Minerals have been the biggest trial and error for me.  Everything I’ve read online says, “More minerals!”

My WK is lazy… More minerals!
My WK isn’t fizzy… More minerals!
My WK isn’t reproducing… More minerals!
My WK is disappearing… More minerals!

More minerals is not always the answer.  Sometimes too many minerals creates the same problem. You need to find a happy medium.  Most people do need to add some minerals to their water, especially if you are using distilled water.  1/4-1/2 tsp of molasses, 1/2 of a clean egg shell, a few drops Concentrace *affiliate link*, is usually all that is needed.  Unless you are using well water.  I use well water filtered with a Berkey and my water is evidently very rich in minerals.  Adding more minerals made my WK sad.  I now don’t add any minerals to my sugar water.  It’s just filtered water and sugar.  That’s it.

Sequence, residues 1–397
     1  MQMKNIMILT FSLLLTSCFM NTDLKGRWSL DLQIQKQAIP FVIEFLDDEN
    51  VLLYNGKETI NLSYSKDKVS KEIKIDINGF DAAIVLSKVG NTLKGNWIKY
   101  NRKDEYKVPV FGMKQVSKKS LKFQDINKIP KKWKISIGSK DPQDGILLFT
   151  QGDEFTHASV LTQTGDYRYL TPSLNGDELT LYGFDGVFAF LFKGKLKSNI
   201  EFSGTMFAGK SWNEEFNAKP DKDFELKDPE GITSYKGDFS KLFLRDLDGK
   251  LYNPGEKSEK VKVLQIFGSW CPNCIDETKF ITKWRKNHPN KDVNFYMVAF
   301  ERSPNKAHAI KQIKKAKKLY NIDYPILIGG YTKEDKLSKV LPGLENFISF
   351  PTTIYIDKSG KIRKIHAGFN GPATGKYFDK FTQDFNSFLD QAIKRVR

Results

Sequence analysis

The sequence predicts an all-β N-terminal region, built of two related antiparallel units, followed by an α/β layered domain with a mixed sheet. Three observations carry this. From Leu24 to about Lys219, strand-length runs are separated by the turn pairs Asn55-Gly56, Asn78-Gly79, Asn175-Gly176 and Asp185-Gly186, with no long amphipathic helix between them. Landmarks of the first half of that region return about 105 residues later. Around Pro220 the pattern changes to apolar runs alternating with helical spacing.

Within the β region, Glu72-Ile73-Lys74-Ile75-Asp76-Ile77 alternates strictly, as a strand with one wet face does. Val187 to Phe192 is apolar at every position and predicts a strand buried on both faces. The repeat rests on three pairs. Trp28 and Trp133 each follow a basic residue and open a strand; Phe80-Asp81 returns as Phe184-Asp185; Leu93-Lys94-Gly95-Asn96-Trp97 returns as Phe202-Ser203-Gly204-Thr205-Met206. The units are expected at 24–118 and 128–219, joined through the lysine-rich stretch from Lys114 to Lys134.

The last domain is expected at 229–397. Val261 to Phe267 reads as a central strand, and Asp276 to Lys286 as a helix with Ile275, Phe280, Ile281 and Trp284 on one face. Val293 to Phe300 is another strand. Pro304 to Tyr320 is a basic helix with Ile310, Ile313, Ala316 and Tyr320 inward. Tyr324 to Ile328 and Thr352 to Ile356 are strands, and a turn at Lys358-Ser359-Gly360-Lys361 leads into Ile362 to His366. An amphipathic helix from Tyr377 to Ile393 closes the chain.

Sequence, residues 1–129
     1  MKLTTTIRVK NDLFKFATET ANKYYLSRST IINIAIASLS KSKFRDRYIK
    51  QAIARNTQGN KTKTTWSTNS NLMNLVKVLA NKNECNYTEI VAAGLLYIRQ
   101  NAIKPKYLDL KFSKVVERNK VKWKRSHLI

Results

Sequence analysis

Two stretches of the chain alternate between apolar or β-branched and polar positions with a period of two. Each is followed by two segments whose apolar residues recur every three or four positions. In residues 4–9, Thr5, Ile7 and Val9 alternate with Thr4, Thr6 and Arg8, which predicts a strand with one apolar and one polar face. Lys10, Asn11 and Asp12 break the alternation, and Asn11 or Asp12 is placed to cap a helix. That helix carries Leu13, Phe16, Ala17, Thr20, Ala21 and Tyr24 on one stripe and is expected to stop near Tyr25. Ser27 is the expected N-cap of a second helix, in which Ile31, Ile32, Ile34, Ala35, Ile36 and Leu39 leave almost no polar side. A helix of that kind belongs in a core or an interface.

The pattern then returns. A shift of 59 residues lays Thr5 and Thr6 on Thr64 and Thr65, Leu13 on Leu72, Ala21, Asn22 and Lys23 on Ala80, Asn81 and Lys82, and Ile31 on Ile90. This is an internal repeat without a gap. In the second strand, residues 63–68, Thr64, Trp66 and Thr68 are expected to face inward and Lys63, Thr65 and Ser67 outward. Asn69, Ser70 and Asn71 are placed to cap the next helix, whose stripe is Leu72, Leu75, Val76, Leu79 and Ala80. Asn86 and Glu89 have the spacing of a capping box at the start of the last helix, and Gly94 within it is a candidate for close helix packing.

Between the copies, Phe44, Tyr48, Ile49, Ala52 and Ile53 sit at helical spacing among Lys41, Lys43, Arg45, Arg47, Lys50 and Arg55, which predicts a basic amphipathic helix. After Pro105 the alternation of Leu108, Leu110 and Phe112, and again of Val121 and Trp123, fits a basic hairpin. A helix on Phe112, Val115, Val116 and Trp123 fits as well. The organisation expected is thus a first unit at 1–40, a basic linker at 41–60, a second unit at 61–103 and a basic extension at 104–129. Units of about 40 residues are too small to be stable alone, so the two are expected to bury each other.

So if you’ve tried everything else and your WK is still sad, try eliminating added minerals and see if that helps.

Keep a Back Up

Always have back up grains on hand.  I’ve found the best way to save grains is to dehydrate them and store them in the fridge or freezer.  Just a few weeks ago I had a batch that got contaminated with kombucha (totally my fault, I didn’t clean the jar out well enough).  That batch got fed to the chicken and a new batch was started up.  No prob. And since I had the batch resting in the fridge, I didn’t even have a hiccup in my WK production.